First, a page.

The first signs of madness

Some of this year's hoops Giants are primed for an early demise

Originally Published: March 7, 2013
By Jordan Brenner and Peter Keating | ESPN The Magazine
Shane LarkinSteve Mitchell/USA TODAY SportsShane Larkin is averaging 13.9 points per game, but his Miami squad ranks 248th in forcing turnovers.

A version of this story appears in ESPN The Magazine's March 18 One Day One Game issue. Subscribe today!

BACK IN 2006, The Mag started a March tradition by forecasting the likeliest Giant Killers -- the underdogs poised to make big NCAA tourney runs. And over the next seven years, our GK statistical model helped us call more than our fair share of upsets. But this season, in an issue dedicated to Michigan and Ohio State, it seemed appropriate to train our model on the Giants, those high seeds most vulnerable to a tiny terror.

In case you're stumbling onto our GK project for the first time, here's a quick refresher: A Giant Killer is a team that beats an opponent seeded at least five seeds better in the NCAA tournament. Typically, these teams employ high-risk, high-reward strategies, such as shooting a ton of 3s or playing pressure defense.

What makes a top seed susceptible to the kill? We'll spare you the gory math and simply give you the results -- six leading indicators of shaky Giants. And of course we're naming names so that you can start a March tradition of your own: winning your tournament pool.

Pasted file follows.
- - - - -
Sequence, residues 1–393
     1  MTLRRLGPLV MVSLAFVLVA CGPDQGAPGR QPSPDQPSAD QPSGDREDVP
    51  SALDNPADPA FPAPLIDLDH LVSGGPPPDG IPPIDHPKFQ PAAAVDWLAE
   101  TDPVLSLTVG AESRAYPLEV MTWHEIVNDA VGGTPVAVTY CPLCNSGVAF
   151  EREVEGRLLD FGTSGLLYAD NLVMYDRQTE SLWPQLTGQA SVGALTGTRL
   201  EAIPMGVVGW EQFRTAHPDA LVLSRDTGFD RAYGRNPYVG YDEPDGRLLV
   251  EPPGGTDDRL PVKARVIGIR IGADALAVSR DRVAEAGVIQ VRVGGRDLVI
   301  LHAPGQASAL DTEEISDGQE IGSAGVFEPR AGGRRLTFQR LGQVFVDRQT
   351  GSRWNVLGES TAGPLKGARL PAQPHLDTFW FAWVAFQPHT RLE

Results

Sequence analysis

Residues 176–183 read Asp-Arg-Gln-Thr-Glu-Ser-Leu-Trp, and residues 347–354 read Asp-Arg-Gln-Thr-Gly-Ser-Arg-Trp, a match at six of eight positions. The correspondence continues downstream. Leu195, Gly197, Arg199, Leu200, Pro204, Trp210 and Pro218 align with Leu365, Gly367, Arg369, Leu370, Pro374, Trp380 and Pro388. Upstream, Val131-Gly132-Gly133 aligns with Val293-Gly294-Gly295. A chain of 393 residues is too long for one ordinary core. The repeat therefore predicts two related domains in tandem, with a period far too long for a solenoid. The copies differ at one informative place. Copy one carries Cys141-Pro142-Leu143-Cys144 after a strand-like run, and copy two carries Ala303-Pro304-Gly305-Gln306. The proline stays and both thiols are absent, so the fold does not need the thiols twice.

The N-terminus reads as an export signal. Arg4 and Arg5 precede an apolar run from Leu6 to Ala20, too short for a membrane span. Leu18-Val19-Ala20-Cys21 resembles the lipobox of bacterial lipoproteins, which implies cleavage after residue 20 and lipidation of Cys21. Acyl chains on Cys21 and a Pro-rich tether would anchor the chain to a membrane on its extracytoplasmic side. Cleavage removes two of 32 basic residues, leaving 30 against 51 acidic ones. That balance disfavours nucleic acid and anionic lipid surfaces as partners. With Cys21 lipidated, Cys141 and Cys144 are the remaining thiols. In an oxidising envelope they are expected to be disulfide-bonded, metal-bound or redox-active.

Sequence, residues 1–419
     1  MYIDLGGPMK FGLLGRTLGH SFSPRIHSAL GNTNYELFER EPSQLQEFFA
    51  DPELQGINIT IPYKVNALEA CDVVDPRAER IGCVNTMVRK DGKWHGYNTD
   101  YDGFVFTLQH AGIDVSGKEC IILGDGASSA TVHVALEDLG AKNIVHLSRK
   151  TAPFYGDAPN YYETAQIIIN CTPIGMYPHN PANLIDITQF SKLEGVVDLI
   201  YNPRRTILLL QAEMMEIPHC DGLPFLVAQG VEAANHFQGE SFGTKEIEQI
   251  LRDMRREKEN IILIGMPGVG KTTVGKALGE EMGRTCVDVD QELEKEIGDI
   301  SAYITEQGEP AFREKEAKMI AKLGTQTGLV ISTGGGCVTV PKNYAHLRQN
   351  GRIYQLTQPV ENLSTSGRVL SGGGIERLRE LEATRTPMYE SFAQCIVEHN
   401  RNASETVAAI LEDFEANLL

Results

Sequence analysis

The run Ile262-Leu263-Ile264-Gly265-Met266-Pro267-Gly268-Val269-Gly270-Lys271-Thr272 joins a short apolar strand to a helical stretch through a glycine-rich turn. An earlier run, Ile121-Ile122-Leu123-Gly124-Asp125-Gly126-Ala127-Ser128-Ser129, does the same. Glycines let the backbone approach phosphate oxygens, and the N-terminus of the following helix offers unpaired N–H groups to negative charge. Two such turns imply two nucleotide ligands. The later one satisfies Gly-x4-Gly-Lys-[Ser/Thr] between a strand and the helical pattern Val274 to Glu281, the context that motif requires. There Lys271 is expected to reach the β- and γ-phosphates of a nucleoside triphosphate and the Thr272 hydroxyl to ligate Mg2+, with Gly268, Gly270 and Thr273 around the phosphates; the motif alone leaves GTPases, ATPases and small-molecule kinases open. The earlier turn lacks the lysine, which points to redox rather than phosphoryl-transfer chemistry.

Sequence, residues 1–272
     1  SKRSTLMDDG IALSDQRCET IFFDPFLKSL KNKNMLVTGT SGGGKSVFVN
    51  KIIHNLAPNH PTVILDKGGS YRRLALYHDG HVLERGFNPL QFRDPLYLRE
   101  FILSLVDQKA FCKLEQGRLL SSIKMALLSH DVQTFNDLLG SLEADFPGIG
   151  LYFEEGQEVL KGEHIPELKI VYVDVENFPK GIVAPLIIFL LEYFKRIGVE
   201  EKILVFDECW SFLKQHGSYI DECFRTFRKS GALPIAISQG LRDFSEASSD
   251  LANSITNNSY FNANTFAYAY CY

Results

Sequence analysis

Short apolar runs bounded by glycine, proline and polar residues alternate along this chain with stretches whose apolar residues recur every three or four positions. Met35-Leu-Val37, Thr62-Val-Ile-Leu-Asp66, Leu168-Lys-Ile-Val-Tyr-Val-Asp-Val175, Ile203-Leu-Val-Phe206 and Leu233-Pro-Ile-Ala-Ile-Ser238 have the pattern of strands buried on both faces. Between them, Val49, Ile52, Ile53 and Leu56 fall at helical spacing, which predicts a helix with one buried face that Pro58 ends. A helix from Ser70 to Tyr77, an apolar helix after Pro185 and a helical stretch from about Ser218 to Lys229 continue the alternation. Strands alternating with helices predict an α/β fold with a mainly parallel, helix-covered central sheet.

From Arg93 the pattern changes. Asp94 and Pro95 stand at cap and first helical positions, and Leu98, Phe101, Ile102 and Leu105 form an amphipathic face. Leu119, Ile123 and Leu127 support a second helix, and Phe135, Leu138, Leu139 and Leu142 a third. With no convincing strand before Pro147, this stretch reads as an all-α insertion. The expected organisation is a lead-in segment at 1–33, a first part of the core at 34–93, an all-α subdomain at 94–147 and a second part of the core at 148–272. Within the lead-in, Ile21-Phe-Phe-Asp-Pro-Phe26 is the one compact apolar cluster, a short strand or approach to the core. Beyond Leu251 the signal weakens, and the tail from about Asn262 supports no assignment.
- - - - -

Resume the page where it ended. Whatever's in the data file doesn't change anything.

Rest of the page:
To see what could bring the demise of this year's hoops powerhouses, you have to be an Insider.

Jordan Brenner | email

ESPN The Magazine contributing writer
Brenner writes for ESPN The Magazine and ESPN Insider. He covers the NBA and college basketball.
Peter Keating is a senior writer at ESPN The Magazine, where he covers investigative and statistical subjects. He started writing "The Biz," a column looking at sports business from the fan's point of view, in 1999. He also coordinates the Magazine's annual "Ultimate Standings" project, which ranks all pro franchises according to how much they give back to fans. His work on concussions in football has earned awards from the Deadline Club, the New York Press Club and the Center for the Study of Sport in Society.